We've been sold a bill of goods. For years now, we've been told how algorithms can be deployed to anticipate what we'll like at any given moment in time.
Whether it's online shopping, a restaurant suggestion, a song we'd like, a movie we'd enjoy, or a podcast we'd love, the idea is that a computer-generated prediction is more reliable and satisfying than one a human cooks up. I thought about this after reading your many responses to last week's blog post about Merriam-Webster's selection of “authentic” as 2023's word of the year.
Many of us believed their pick would be a hands-down selection for “artificial intelligence” – clearly, the buzzword that captivated our thoughts, our fears, and our imaginations over the past many months. And the recent drama over Sam Altman's tussle with the board at OpenAI only underscored the much-hyped theme about how this technology would dominate our personal and professional beings.
But are the algorithms actually working? Are we truly getting the best possible cyber choices from our robotic friends?
When I look at the “suggestions” on Amazon, Netflix, and other tech platforms, I find myself consistently disappointed by the selections. As someone who enjoys music, I often feel let down by digital streaming platforms that attempt to find songs and artists that sound like the one I chose to start the process.
For all the data these algorithms have at their disposal, I continue to be disappointed by the choices the bots try to pawn off on me, forcing me to skip songs frequently. How did Little River Band end up on the same playlist with Neil Young?
And why don't the algorithms respond more intuitively to taste sensibilities? Why can't I ask for Rod Stewart songs that have no resemblance to “Do Ya Think I'm Sexy?” Or more obscure Tom Petty songs than his biggest hits like “Refugee.” If these algorithms are so good, why can't they do a more nuanced job of filtering tastes and incorporating layers?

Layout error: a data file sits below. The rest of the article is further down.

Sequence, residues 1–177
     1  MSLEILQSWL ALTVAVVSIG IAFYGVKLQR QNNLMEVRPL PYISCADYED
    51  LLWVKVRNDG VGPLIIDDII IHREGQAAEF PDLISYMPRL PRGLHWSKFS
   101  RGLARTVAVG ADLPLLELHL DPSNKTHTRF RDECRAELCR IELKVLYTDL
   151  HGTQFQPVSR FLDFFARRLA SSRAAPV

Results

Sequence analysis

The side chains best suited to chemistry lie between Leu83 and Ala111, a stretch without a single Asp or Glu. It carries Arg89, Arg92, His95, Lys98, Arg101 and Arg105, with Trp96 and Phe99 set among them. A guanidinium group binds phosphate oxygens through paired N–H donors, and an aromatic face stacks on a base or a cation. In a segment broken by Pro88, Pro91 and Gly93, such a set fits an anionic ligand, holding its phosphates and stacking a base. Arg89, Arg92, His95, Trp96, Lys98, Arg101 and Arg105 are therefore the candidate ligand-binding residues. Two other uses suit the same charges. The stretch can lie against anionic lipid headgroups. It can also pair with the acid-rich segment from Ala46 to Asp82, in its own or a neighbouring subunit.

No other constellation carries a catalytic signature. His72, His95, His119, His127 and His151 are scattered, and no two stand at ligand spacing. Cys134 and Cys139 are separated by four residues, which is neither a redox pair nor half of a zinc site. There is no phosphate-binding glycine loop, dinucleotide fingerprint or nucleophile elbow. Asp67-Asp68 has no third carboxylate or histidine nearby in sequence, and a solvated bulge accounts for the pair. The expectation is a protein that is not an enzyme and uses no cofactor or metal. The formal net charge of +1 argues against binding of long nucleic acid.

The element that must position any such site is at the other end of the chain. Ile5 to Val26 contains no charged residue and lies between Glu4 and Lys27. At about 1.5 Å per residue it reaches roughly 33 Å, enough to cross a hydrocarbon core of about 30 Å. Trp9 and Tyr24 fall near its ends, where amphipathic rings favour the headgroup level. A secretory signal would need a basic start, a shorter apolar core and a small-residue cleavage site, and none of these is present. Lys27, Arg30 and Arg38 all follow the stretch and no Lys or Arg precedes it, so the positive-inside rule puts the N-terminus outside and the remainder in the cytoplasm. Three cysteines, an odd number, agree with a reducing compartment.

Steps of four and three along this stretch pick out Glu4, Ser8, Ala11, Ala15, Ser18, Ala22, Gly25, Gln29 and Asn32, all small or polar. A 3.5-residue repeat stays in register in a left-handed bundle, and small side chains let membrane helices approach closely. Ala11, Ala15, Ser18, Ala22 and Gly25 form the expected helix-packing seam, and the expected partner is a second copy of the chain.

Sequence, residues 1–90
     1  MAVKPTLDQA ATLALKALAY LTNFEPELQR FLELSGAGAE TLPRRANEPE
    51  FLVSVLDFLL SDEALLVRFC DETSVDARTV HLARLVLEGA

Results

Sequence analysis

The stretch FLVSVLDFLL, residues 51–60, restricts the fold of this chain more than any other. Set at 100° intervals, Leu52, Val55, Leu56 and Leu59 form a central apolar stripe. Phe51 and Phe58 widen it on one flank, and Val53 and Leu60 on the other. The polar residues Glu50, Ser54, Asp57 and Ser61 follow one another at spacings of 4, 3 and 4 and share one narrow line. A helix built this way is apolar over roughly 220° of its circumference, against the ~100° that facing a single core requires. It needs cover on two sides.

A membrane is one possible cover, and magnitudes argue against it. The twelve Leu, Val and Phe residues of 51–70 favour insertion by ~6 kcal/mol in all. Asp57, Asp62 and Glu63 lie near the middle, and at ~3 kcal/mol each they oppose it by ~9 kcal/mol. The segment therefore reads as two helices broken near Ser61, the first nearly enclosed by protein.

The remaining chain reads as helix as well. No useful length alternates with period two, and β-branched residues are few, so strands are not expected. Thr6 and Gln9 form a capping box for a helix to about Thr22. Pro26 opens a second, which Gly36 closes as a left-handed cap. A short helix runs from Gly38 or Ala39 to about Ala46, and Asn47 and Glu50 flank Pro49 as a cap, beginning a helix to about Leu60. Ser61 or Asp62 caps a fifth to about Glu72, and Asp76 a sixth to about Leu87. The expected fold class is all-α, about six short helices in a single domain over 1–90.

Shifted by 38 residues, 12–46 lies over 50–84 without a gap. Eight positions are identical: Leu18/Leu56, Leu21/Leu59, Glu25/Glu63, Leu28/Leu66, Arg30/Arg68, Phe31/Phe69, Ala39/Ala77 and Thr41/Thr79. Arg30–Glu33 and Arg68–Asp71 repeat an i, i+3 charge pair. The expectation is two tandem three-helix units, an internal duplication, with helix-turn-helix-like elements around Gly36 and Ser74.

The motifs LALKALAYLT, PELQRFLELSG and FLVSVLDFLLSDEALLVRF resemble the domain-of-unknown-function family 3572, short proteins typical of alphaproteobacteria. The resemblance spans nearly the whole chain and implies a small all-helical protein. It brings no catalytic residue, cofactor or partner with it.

I don't think I'm alone. The concept of authenticity is something many consumers yearn for. And there's nothing authentic about an algorithm. But that's the path we're on. As the automatons take over our entertainment and information machines, why can't I have a real human with great taste who would be my pop culture Sherpa – someone whose curation skills were well-honed, smart, and savvy? Most of us have had people in our lives with just that skill who have helped us navigate music, art, movies, and TV. But sadly, in an age of infinite choice, the algorithms are now dulling the experience.
It certainly would come in handy when we sit down to watch TV. Yes, the big streamers lay out their selections, row by row and end to end across our screens. But we have to do the perusing, trying to make judgments as to whether a movie, TV show, or documentary is just what we're looking for. Or we can take their suggestion: “Because you watched Succession, you might like this.” But often we don't because the algorithms come up short.
To make matters worse, there are seemingly infinite choices in front of us, making it even more stressful and aggravating to find just what we want to watch or listen to next. Amazingly, Bruce Springsteen sung “57 Channels And Nuthin On” exactly 30 years ago. There's no way he could have imagined we'd have more than 10 times that many choices today. . . with the same reaction.
Sadly, most of our options – whether it's streaming audio, video, podcasts, and most other content – are plentiful but sadly similar to one another. Nothing truly differentiates one outlet from the other. They all use computer generated algorithms to predict what we'll want. I defy you to point to an outlet with a superior robotic prediction engine.
In fact, wouldn't a better more interesting option be using talented programmers to take us by the hand and lead us to the good stuff?
That's what Pluto TV is betting on.
If you're not familiar with this platform, Pluto is a different animal, rapidly emerging in the world of television. Unlike Netflix, Disney+, Hulu, and other subscription video channels, Pluto TV is in a category known as FAST TV.
It's free, ad-supported, it streams, and it typically has a ton of content. All sorts of stuff to watch.
As Kourtnee Jackson reports in a recent CNET story, FAST TV fits in right between cable TV and subscription video streaming services.
For the moment, Pluto TV and Tubi (owned by Paramount Global and Fox respectively) are the biggest of the lot, but there are undoubtedly more of these hybrids on the way. As more and more consumers have become alienated by rising subscription fees and monthly credit card bills out of control, these options are looking better and better.